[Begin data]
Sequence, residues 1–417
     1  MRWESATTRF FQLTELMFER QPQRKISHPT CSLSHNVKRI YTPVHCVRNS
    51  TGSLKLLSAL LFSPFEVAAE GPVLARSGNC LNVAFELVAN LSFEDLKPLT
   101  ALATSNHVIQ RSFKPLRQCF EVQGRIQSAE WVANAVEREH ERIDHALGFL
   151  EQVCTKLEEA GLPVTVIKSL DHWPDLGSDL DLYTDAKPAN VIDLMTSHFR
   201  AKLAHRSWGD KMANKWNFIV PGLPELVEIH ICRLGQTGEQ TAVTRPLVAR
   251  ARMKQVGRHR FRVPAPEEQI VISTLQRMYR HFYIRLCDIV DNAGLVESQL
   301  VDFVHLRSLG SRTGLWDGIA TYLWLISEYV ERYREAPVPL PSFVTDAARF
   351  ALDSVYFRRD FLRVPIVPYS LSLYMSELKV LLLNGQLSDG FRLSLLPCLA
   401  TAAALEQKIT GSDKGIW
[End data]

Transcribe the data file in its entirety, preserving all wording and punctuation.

Sequence, residues 1–417
     1  MRWESATTRF FQLTELMFER QPQRKISHPT CSLSHNVKRI YTPVHCVRNS
    51  TGSLKLLSAL LFSPFEVAAE GPVLARSGNC LNVAFELVAN LSFEDLKPLT
   101  ALATSNHVIQ RSFKPLRQCF EVQGRIQSAE WVANAVEREH ERIDHALGFL
   151  EQVCTKLEEA GLPVTVIKSL DHWPDLGSDL DLYTDAKPAN VIDLMTSHFR
   201  AKLAHRSWGD KMANKWNFIV PGLPELVEIH ICRLGQTGEQ TAVTRPLVAR
   251  ARMKQVGRHR FRVPAPEEQI VISTLQRMYR HFYIRLCDIV DNAGLVESQL
   301  VDFVHLRSLG SRTGLWDGIA TYLWLISEYV ERYREAPVPL PSFVTDAARF
   351  ALDSVYFRRD FLRVPIVPYS LSLYMSELKV LLLNGQLSDG FRLSLLPCLA
   401  TAAALEQKIT GSDKGIW